Those who delight in counting Congressional Jews have a reason to rejoice: Another Jew has joined the U.S. Senate.
The Rocky Mountain News reports that the Colorado’s new senator, Michael Bennet has a Jewish mother — thus making him a Member of the Tribe, as far as Jewish law is concerned
Still, that might not be the way Bennet, whose father is Christian, views himself. “I was raised with two different heritages, one was Jewish and one was Christian,” Bennet, who recently filled the Senate seat vacated by Secretary of the Interior Ken Salazar, told the newspaper. “I am proud that both heritages are part of me, and I believe in God.”
The freshman senator, whether he defines himself as Jewish or not, comes from a family of Polish Holocaust survivors. After the Nazi takeover of Poland, his maternal grandparents were taken to the Warsaw ghetto. His grandmother, Halina Klejman, smuggled Bennet’s mother to a safe house, while his grandfather hid in another part of the ghetto. After the war, the Klejmans reunited — only to discover that most of their extended family members were killed by the Nazis.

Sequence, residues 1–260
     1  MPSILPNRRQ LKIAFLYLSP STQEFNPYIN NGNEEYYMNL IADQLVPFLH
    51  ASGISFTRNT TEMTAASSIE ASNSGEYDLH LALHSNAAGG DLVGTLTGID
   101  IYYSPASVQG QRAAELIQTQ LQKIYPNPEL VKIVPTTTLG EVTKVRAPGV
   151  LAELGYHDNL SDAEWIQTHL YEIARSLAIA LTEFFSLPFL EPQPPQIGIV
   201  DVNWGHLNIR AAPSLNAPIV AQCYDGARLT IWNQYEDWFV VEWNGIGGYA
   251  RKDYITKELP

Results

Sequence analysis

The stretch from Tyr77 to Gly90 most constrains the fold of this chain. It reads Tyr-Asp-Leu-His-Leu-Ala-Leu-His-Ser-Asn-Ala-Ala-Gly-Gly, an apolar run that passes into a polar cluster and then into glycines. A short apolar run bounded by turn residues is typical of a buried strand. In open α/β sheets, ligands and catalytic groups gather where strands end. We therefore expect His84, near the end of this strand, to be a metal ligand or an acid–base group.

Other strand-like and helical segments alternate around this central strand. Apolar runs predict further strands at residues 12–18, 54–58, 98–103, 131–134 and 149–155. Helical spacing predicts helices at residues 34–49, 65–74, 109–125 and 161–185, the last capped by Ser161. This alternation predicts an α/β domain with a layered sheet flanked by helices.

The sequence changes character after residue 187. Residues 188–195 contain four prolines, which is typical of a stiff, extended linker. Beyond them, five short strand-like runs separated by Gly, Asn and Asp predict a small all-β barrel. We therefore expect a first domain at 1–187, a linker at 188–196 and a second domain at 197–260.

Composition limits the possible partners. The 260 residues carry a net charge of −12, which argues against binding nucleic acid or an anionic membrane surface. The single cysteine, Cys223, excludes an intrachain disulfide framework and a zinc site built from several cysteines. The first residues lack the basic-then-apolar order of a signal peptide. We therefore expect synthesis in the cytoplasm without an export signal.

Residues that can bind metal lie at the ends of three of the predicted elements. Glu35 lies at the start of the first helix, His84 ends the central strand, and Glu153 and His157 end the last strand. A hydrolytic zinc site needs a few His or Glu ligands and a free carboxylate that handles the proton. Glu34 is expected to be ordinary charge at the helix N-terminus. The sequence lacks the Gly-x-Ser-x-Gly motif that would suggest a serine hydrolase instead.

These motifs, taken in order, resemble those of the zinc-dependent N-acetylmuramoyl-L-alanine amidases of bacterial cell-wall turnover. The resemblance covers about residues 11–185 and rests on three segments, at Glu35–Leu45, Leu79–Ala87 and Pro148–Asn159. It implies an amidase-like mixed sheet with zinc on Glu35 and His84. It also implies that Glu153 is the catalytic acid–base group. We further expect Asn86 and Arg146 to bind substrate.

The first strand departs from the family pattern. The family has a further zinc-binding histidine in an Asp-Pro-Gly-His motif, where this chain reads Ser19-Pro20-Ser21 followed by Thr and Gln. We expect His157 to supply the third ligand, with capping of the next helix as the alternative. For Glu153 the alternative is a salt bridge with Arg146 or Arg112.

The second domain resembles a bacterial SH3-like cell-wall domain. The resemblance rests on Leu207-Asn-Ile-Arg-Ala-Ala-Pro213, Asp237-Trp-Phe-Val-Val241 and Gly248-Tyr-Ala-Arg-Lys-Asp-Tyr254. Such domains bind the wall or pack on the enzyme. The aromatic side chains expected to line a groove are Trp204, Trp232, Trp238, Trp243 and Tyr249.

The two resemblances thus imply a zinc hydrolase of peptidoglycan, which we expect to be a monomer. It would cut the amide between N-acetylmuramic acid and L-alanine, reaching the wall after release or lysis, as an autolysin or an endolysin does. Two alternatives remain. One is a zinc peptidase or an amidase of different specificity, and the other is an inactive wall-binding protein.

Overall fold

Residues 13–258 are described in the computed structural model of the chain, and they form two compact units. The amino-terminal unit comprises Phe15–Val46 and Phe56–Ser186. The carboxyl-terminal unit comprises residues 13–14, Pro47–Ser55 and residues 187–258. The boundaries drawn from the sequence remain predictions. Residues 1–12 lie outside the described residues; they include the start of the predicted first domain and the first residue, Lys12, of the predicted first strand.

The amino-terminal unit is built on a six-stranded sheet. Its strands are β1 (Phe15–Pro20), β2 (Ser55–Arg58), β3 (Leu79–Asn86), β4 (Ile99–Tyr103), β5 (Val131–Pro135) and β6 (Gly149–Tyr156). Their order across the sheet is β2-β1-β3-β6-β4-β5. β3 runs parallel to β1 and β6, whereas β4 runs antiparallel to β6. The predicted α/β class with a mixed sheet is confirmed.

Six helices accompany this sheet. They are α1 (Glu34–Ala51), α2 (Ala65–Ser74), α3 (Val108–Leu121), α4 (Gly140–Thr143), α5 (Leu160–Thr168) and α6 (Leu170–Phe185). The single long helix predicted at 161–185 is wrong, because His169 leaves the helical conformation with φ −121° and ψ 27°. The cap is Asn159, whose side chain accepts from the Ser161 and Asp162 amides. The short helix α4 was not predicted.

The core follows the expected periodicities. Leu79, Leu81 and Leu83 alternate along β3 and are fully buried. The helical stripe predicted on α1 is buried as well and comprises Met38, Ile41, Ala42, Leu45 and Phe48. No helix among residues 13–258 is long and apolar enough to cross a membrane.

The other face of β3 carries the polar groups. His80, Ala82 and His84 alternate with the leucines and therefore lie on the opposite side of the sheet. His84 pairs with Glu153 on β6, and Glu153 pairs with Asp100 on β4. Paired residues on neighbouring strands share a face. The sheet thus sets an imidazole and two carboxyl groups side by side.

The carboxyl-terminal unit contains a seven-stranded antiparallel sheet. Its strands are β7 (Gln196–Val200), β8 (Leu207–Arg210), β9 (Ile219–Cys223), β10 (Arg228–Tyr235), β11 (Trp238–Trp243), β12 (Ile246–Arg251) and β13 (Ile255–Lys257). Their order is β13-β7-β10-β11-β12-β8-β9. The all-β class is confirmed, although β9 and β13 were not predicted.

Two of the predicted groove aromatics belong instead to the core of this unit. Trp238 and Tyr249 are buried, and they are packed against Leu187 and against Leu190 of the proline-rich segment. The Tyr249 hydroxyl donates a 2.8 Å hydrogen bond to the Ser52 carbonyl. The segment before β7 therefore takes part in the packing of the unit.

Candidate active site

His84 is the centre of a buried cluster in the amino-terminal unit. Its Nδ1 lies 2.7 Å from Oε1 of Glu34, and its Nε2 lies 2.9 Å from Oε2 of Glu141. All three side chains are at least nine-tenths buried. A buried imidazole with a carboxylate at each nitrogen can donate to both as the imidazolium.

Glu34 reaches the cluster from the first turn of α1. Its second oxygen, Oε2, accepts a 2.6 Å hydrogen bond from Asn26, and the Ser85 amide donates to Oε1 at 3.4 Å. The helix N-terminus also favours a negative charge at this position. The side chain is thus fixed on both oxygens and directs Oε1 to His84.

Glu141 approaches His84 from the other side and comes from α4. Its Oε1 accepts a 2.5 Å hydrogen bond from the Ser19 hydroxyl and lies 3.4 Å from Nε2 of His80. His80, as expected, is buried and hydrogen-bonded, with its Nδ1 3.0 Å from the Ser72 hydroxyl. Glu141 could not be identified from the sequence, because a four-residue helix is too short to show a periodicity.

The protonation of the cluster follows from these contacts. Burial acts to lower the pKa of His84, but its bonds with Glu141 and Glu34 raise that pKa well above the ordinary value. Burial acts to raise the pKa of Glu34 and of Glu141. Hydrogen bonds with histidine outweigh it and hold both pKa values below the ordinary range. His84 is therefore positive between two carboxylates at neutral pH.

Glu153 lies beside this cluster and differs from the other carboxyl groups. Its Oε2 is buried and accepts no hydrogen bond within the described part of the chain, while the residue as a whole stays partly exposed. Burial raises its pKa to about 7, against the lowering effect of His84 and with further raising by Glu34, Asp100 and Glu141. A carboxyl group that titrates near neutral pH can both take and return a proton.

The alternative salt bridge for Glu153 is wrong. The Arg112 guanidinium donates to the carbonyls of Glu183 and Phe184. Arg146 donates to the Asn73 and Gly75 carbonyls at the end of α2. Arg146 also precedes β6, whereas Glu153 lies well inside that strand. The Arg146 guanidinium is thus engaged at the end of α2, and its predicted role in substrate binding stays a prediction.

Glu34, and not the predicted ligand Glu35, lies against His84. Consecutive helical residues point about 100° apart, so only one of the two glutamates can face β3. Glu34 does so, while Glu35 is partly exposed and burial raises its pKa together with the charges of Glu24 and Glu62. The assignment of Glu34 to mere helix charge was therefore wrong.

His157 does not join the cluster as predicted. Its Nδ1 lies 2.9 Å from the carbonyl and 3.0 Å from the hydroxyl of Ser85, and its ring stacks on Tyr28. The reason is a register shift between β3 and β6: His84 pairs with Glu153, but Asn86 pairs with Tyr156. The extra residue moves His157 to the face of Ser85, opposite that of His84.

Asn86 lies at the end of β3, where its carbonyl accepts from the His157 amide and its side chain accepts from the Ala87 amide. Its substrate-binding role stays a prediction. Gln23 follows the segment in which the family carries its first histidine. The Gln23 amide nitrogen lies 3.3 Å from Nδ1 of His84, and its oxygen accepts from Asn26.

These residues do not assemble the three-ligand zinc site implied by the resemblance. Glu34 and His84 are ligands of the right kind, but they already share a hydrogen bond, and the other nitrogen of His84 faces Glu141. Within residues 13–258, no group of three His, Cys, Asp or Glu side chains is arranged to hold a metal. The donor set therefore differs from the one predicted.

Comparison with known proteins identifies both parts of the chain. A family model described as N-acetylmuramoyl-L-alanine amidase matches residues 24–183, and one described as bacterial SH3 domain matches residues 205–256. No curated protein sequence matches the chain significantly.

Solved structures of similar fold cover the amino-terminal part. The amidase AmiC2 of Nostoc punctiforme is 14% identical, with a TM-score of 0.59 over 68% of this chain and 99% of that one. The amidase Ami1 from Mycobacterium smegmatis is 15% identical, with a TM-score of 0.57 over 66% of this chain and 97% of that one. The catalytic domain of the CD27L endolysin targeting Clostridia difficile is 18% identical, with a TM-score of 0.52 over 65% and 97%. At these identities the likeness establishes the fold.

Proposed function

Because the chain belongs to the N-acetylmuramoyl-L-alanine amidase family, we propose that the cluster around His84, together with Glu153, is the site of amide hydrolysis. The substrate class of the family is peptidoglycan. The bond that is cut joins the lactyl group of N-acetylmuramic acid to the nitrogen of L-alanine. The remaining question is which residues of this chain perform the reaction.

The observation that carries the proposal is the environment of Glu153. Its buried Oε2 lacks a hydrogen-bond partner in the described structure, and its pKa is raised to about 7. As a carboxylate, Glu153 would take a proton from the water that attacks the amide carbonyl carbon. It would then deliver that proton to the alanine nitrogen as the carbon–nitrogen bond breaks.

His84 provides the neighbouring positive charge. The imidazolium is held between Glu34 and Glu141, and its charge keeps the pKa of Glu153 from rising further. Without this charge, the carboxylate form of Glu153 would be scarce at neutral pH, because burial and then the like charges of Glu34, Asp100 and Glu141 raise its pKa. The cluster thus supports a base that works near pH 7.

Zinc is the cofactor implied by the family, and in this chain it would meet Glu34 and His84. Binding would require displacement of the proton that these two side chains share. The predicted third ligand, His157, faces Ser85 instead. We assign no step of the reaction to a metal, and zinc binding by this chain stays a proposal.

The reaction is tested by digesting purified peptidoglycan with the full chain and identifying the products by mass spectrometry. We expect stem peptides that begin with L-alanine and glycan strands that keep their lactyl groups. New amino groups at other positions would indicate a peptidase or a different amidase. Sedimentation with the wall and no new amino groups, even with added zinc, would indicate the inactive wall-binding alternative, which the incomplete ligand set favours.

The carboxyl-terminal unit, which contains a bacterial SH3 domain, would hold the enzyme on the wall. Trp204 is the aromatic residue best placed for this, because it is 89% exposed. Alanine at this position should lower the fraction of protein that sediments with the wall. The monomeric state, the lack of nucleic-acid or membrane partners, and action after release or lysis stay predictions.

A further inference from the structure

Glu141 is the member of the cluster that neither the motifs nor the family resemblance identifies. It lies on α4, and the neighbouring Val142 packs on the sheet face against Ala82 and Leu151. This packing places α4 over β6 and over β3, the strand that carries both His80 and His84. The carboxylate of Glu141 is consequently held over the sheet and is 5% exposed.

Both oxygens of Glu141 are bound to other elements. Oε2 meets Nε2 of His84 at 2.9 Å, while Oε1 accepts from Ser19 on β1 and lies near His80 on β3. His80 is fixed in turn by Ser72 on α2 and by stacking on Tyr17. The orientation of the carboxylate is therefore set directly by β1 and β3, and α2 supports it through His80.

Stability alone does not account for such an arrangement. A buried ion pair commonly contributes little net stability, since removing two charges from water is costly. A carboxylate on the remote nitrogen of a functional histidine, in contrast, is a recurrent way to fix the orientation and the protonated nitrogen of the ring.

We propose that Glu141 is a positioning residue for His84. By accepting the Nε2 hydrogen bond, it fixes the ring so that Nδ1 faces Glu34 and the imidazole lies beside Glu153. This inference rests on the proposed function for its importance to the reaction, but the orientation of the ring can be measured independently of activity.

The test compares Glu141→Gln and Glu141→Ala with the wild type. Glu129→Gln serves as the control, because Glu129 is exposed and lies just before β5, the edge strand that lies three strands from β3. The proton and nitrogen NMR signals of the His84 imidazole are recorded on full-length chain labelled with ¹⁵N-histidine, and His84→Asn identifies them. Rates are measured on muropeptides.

The family arrived in New York, via Stockholm and Mexico City, in 1950. Stateside, the senator’s grandfather John Klejman opened an art gallery, a business he had began in Warsaw before the war.
So here is where the Senate count stands now: 12 seated Jewish senators; 1 disputed Jewish seat (Minnesota’s Al Franken or Norm Coleman. No difference for the Jew-count), and one Colorado senator who Wikipedia defines as “Jewish (non practicing).” Grand total: 14 Jews. Almost.